DDU seeks two-way fairness

The Dental Defence Union (DDU) has responded to the government’s proposals to reform the NHS complaints procedure by saying the new system must be fair to those who are complained about, as well as complainants.

Responding to the Department of Health’s proposals, titled Making Experiences Count – the proposed new arrangements for handling health and social care complaints (June 2007), the DDU claims patients as well as dental professionals should be considered.

Rupert Hoppenbrouwers, head of the DDU, said: ‘We support the principle of a simplified two-stage, NHS complaints procedure outlined in the document Making Experiences Count in which complaints are first addressed locally and, if this is unsuccessful, reviewed by the Ombudsman.

‘The procedure should be easy for patients to understand and use, and we welcome the emphasis on resolving concerns effectively locally. We strongly endorse the principle of local resolution. In fact, most dental complaints notified to us are resolved at local level. However, it is important that the new procedure is fair to dental professionals who are complained about, as well as to those making the complaint.

‘We understand the reasons given for allowing a patient to complain to another body such as a PCT if, for example, the patient’s relationship with a dentist has broken down badly, but the dentist who is the subject of the complaint should still be involved and must be allowed to contribute to the response to the complaint.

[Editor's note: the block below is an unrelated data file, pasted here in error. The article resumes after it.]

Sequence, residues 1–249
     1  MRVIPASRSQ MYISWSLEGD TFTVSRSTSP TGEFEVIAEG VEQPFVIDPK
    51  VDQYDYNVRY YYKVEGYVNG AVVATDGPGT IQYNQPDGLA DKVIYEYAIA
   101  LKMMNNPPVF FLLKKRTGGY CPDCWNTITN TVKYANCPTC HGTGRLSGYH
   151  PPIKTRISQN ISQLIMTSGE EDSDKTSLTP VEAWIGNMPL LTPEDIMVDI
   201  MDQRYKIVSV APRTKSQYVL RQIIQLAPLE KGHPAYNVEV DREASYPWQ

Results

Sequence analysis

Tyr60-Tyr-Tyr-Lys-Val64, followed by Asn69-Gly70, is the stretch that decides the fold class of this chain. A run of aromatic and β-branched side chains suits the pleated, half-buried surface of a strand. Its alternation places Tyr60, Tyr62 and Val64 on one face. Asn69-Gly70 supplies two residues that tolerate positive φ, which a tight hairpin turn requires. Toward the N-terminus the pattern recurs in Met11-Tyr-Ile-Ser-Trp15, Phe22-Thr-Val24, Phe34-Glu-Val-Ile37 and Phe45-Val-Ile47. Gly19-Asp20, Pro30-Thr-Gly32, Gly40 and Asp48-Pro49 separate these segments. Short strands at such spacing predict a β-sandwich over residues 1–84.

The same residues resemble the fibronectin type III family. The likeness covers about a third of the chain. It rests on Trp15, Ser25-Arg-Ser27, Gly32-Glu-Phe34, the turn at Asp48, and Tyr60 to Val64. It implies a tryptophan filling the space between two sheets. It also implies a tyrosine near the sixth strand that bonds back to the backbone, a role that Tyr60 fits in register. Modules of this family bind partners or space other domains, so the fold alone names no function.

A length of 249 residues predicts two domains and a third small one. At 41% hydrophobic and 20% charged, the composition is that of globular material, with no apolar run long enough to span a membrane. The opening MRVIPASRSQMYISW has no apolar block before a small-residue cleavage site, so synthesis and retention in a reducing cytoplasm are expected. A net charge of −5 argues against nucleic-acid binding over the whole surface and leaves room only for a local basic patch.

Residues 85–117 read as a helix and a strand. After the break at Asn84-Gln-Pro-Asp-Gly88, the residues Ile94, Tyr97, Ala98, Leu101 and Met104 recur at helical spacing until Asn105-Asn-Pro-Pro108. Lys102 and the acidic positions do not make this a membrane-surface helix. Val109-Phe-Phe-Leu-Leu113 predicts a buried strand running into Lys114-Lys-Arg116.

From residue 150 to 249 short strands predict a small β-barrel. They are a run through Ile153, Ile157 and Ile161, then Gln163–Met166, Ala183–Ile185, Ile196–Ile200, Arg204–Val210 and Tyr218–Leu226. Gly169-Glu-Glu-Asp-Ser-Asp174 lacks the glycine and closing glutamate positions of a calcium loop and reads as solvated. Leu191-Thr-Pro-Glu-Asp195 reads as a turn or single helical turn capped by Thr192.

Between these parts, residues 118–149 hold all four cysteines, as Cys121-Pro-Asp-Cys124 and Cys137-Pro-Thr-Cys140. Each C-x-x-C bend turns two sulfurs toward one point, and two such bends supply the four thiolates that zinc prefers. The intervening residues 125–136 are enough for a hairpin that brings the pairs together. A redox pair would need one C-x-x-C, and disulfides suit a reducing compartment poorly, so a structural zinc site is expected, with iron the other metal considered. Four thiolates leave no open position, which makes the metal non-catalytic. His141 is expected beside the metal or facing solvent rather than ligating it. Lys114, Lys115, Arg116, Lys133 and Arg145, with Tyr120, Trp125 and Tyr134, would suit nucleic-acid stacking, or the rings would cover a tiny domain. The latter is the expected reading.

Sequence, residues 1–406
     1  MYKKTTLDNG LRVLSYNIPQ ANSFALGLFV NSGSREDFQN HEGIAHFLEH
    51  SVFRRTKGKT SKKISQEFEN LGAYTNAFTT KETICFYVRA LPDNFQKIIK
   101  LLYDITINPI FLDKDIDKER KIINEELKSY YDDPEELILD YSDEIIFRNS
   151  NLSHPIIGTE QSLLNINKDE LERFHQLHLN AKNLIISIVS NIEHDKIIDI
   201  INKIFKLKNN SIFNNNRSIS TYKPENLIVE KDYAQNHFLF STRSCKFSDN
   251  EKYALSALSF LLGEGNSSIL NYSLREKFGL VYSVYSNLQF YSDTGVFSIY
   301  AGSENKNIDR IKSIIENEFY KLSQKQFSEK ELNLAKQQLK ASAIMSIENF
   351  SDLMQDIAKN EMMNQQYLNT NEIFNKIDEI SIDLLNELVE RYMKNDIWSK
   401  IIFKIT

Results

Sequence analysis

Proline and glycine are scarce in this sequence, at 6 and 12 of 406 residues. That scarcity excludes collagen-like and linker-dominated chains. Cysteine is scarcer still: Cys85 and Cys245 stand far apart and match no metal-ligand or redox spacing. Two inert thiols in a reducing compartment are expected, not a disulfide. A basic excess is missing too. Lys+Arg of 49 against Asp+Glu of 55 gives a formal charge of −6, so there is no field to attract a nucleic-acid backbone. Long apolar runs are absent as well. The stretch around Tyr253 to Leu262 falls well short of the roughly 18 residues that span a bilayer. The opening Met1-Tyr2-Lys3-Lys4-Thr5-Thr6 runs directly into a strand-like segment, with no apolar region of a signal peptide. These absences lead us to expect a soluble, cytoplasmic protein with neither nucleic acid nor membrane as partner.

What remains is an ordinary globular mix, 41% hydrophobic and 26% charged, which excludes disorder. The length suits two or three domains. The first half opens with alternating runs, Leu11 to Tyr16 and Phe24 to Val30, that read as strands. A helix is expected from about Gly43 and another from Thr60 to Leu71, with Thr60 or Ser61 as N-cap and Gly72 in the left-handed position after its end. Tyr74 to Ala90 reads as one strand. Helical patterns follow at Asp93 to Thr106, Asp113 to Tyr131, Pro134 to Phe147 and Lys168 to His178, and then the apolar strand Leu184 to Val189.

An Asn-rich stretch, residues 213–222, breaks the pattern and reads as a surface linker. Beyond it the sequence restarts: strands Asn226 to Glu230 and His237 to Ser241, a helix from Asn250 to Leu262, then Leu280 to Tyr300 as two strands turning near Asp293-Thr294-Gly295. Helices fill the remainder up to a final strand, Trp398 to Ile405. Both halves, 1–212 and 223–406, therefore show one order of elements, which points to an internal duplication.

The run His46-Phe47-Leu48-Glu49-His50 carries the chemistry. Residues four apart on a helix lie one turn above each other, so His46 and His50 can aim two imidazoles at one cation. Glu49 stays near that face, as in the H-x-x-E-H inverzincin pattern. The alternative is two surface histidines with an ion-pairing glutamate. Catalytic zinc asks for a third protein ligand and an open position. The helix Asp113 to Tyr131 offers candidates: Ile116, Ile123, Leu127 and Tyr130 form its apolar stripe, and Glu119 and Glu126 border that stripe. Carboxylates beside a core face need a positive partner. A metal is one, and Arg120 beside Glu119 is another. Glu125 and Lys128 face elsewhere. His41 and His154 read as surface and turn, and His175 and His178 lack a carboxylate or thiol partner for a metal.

‘The Dental Complaints Service (DCS), which was established to review complaints about private treatment, has been successful in liaising with practices when it receives complaints and referring them back so they can be resolved locally. It is only fair that the dentist is allowed the opportunity to say what happened and also, as appropriate, to apologise and learn from the complaint, as well as taking responsibility for any changes that may be necessary as a result.

‘We have long advised our members to take all complaints seriously and to learn from them as part of their adverse incident procedures. For example, by identifying where systems need to be put in place to try to prevent mistakes happening again. Naturally, we back the emphasis on preventing harm, reducing risks and learning from complaints.’

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